Coronary artery disease (CAD) affects approximately 6.3% of the adult American population and is thought to be responsible for nearly one third of all deaths in adults over the age of 35 (1,2). In addition, 720,000 Americans will likely suffer their first myocardial infarction (MI) or death due to coronary artery disease in 2018, and 335,000 will have a recurrent event (1). The two major strategies for revascularization of CAD are percutaneous coronary intervention (PCI) or coronary artery bypass grafting (CABG). In 2014, an estimated 371,000 inpatient CABGs were performed in the USA (1). Notably, the average costs of CABG over the past 10 years in the USA range from roughly $28,000 to $38,000 with an average of 6.9 inpatient days required per procedure (1,3). Given the prevalence and costs associated with CAD, improving outcomes for patients undergoing CABG is important in managing the burden of CAD on the U.S. health care system (4).
Incomplete revascularization is an independent risk factor for adverse outcomes after CABG (5). On the other hand, complete revascularization reduces mortality, MI, and the need for repeat revascularization in patients with multi-vessel coronary artery disease (6-8). However, the definition of “complete revascularization” for patients undergoing CABG is inconsistent. Anatomic, functional, numeric, score-based, and physiology-based definitions have all been used (7,9,10). Regardless of the definition, any complete revascularization by CABG requires an accurate assessment of CAD. Accurate assessment of moderate coronary lesions is best achieved with physiologic measurements such as fractional flow reserve (FFR) or instantaneous wave-free ratio (iFR) (11-18). However, FFR and iFR are not routinely performed prior to CABG, and data supporting physiologic assessment to guide CABG are scarce (19,20). Neither FFR nor iFR has been adequately studied in a randomized controlled trial of CABG patients, although a physiology-based complete revascularization might lead to better outcomes. Thus, we compared an anatomic to a physiology-based assessment of moderate coronary lesions in patients referred for CABG.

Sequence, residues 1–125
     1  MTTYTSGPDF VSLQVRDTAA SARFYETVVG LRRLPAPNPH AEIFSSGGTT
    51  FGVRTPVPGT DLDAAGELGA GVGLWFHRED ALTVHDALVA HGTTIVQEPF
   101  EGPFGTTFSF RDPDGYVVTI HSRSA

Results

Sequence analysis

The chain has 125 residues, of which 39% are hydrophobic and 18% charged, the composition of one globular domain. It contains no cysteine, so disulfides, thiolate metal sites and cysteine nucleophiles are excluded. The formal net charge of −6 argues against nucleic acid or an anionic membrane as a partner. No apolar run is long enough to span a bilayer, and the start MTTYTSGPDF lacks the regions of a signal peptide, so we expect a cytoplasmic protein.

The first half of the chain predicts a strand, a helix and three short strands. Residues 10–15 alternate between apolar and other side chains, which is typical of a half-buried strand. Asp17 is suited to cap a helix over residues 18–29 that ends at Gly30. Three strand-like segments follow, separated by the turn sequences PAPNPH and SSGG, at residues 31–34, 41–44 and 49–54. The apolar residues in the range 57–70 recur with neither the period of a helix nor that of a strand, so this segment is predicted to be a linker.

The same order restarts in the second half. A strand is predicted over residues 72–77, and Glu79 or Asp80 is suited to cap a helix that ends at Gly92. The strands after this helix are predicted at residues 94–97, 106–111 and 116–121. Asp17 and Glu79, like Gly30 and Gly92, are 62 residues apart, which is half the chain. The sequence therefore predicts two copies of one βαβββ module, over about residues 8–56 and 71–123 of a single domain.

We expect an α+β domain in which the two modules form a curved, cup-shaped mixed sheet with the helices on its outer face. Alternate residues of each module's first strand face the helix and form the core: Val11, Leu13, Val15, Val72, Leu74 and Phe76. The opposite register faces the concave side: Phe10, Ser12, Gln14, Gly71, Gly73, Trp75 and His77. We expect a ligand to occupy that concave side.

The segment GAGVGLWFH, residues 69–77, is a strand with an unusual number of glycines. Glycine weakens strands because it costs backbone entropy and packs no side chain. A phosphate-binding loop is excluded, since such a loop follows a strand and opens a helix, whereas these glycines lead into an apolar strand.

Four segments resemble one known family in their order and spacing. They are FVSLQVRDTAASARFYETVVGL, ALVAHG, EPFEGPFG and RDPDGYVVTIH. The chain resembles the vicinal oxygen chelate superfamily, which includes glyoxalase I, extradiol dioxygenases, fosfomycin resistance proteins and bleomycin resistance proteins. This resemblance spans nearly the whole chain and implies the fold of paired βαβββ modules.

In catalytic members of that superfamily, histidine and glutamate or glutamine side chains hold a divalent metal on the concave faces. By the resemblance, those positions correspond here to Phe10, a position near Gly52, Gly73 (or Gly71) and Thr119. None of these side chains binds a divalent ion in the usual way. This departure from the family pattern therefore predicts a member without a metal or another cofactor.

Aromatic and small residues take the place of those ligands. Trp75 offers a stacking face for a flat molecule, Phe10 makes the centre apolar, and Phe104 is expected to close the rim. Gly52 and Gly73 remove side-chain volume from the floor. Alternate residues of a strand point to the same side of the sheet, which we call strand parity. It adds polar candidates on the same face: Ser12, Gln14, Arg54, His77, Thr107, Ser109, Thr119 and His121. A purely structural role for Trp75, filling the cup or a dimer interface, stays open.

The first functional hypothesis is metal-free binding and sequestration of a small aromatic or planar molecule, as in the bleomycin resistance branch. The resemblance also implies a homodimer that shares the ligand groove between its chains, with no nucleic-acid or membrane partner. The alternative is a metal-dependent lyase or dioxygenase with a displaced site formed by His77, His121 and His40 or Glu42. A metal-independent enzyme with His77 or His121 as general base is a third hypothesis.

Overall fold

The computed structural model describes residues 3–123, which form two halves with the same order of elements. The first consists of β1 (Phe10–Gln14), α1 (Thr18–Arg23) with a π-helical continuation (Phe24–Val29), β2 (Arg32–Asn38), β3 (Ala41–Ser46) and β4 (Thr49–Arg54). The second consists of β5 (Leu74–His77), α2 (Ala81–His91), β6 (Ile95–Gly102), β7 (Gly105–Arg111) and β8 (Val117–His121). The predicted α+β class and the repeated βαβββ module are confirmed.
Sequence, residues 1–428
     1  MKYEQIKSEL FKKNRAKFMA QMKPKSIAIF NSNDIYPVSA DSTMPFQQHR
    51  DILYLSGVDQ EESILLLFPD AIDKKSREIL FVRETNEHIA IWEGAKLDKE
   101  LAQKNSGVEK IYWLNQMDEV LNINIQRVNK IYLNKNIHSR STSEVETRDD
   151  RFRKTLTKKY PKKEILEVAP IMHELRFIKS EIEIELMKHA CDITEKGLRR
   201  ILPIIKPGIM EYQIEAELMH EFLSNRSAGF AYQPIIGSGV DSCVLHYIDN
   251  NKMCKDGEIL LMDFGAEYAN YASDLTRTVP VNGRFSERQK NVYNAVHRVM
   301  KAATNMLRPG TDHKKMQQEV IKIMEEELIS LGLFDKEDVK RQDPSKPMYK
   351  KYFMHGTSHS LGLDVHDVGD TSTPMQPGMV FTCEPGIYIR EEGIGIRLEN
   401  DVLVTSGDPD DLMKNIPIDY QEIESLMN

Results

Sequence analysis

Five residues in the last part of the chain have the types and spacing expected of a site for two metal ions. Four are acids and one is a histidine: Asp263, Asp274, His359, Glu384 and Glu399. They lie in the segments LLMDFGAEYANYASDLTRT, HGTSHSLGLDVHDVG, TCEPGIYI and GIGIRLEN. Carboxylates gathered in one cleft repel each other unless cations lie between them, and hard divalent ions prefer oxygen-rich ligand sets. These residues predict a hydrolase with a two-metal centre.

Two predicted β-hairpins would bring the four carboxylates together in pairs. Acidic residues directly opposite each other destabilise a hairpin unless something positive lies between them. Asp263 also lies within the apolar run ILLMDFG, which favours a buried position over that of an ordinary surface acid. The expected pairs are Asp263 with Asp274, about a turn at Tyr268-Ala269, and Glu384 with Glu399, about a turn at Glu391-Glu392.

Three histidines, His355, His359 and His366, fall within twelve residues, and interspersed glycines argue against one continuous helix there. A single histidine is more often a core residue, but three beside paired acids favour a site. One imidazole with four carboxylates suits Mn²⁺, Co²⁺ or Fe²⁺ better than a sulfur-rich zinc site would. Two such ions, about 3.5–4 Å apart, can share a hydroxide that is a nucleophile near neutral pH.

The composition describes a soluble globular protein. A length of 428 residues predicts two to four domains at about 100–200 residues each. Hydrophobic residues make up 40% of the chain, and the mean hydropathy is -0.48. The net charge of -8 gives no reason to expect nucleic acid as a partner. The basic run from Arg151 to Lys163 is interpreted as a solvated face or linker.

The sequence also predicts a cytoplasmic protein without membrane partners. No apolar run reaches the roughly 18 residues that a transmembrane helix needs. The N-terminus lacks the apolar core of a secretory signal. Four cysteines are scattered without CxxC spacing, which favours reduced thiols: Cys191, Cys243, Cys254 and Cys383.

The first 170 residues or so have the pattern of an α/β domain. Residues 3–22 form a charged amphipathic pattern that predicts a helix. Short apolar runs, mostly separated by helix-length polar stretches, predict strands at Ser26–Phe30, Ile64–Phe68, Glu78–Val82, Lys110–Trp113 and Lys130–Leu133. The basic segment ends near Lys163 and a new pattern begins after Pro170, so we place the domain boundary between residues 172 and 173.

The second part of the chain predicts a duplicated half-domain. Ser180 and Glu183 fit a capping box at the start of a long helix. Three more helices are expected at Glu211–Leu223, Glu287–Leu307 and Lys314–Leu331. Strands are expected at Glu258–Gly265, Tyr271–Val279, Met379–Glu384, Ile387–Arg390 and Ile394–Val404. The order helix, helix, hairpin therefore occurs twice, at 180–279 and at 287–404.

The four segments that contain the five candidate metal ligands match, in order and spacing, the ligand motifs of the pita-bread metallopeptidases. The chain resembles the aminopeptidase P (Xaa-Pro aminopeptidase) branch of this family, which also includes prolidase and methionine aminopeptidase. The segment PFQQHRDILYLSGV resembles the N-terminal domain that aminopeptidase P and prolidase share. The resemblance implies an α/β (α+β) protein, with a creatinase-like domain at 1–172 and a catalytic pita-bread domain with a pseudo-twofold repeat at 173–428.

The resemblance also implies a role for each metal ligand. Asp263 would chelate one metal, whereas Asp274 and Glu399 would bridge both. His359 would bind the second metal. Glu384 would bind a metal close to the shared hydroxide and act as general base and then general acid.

We retrospectively reviewed medical records for patients who underwent CABG at Tulane Medical Center from April 1, 2014 to April 1, 2016. The inclusion criteria were all patients who underwent CABG during the above pre-specified time period. There were no exclusion criteria. Patients were divided into two groups: the FFR/iFR-guided group and the angiography-guided group. The FFR/iFR-guided group included patients who had at least 1 intermediate coronary stenosis (40–70%) measured by FFR or iFR. The angiography-guided group included patients who did not have any FFR or iFR measurement performed during the preoperative coronary angiogram.
Coronary angiography, FFR/iFR measurement, and CABG
Experienced operators performed all diagnostic angiography by either femoral or radial approach. All procedural and technical aspects of the diagnostic procedures were based on operator preference including diagnostic catheters, guiding catheters, dose of intracoronary adenosine, and pressure-monitoring guide wire systems. FFR value of ≤0.80 and iFR value of ≤0.89 was considered abnormal and diagnostic of an ischemic lesion. The same operator performed each CABG with all procedural and technical aspects of the procedure based upon the surgeon’s preference. Each CABG was on-pump.
Extracted clinical characteristics and outcomes
Extracted clinical characteristics for the FFR/iFR-guided and angiography-guided groups included age, sex, body mass index, hypertension, dyslipidemia, diabetes mellitus, multi-vessel coronary artery disease, peripheral vascular disease, obstructive sleep apnea, previous PCI, tobacco use, family history of cardiac disease, and preoperative left ventricular ejection fraction.
Procedural outcomes of CABG included number of anastomoses, grafted coronary artery distribution, and length of hospitalization associated with surgery. In addition, clinical outcomes for the study included the rate of major adverse cardiac events (MACEs), defined as the combination of overall death, MI, and target vessel revascularization (TVR), the individual MACE end points, time to MACE, and angina through an 18-month follow-up period. The Institutional review board at our institution approved the application and protocol for this research study, waiving the requirement for informed consent.